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The Race to the Top: Institutional Clusters and World FDI Shares

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  • Wasseem Mina

    () (Emirates University)

Abstract

The literature on the institutions-FDI nexus has treated the influence of institutions independently of each other. This implies they are not related to one another both theoretically and empirically, an important shortcoming. To address this shortcoming empirically, we use Principal Component Analysis (PCA). PCA is used to extract correlated institutional “clusters”. The influence of correlated groups of institutions or institutional clusters on FDI flows is examined empirically in this paper. Using ICRG data for a large sample of countries over the period 1987-2014, PCA extracts three institutional clusters: quality of public administration, social cohesion, and stability and property rights protection. We use an empirical model, which is based on Dunning’s (1981) location advantage hypothesis to examine the influence of those clusters on the competition to attract FDI flows. We adopt a least squares estimation methodology to account for both country and time effects. Empirical evidence shows that the three clusters have a positive influence on the share of world FDI flows. Robustness checks support the positive influence of the first two clusters in the post Asian crisis period. Distinguishing low from high FDI share countries, results show that quality of public administration and social cohesion have a positive influence, while in the high share group all three clusters have a positive influence. The approach and results are particularly novel in the literature. These results have an important policy implication. In examining the influence of institutions on economic variables countries should adopt a wider perspective that realizes the interrelationships among institutions. This perspective provides policy makers flexibility in the design and implementation of institutional reforms.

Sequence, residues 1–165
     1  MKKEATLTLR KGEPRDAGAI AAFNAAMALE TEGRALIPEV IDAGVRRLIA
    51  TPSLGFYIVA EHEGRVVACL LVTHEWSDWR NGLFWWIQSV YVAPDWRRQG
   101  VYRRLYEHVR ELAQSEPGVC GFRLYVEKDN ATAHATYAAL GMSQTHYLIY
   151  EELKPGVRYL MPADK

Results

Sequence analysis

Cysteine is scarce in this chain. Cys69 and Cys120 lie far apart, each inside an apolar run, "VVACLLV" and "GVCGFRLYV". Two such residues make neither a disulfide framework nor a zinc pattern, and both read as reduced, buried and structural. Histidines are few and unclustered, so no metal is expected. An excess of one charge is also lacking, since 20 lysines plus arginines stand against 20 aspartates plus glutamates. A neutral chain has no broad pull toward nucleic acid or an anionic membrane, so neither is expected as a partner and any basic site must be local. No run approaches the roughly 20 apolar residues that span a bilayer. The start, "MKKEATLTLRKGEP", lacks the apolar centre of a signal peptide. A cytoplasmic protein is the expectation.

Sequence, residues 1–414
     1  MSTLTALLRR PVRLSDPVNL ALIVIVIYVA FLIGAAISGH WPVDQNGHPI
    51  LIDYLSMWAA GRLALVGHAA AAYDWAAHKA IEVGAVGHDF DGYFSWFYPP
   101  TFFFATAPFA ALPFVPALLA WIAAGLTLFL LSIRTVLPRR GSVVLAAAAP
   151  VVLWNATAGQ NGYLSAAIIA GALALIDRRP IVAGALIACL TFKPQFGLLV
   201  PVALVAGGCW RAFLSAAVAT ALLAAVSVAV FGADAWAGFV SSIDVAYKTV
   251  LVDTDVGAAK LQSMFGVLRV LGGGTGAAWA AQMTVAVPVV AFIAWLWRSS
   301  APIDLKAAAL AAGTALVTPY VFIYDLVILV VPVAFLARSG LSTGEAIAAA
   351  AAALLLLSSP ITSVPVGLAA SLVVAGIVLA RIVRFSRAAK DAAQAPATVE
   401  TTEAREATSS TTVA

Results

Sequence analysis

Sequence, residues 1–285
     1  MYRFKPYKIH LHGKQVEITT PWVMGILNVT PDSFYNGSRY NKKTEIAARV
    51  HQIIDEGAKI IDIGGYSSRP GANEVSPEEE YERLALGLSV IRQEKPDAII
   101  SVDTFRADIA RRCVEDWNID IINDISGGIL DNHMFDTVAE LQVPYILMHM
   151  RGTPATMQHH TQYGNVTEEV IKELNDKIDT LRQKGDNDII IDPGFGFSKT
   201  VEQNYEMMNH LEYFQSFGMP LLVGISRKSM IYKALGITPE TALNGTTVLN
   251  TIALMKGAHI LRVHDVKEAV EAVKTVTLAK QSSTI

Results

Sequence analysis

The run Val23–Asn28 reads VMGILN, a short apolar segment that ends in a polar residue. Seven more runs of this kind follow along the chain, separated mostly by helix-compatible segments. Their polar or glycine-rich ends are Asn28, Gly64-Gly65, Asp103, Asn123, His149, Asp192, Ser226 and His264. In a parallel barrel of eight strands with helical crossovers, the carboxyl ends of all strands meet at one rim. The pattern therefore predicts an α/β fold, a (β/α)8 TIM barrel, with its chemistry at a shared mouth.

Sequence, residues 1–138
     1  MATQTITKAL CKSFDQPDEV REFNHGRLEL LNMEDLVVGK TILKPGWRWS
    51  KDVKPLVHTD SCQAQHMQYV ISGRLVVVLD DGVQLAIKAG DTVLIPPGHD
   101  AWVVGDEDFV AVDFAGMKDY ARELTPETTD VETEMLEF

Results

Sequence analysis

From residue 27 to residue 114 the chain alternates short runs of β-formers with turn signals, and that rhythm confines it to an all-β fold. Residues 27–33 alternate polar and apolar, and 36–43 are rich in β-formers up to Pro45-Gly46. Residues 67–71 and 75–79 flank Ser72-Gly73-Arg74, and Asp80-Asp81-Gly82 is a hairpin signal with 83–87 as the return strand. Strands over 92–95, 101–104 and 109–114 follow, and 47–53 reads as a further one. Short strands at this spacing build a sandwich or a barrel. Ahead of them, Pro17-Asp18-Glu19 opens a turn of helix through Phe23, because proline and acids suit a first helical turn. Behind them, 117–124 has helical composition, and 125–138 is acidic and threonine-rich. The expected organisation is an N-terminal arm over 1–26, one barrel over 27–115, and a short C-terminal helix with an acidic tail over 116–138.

Suggested Citation

  • Wasseem Mina, 2017. "The Race to the Top: Institutional Clusters and World FDI Shares," Working Papers 1136, Economic Research Forum, revised 09 2003.
  • Handle: RePEc:erg:wpaper:1136
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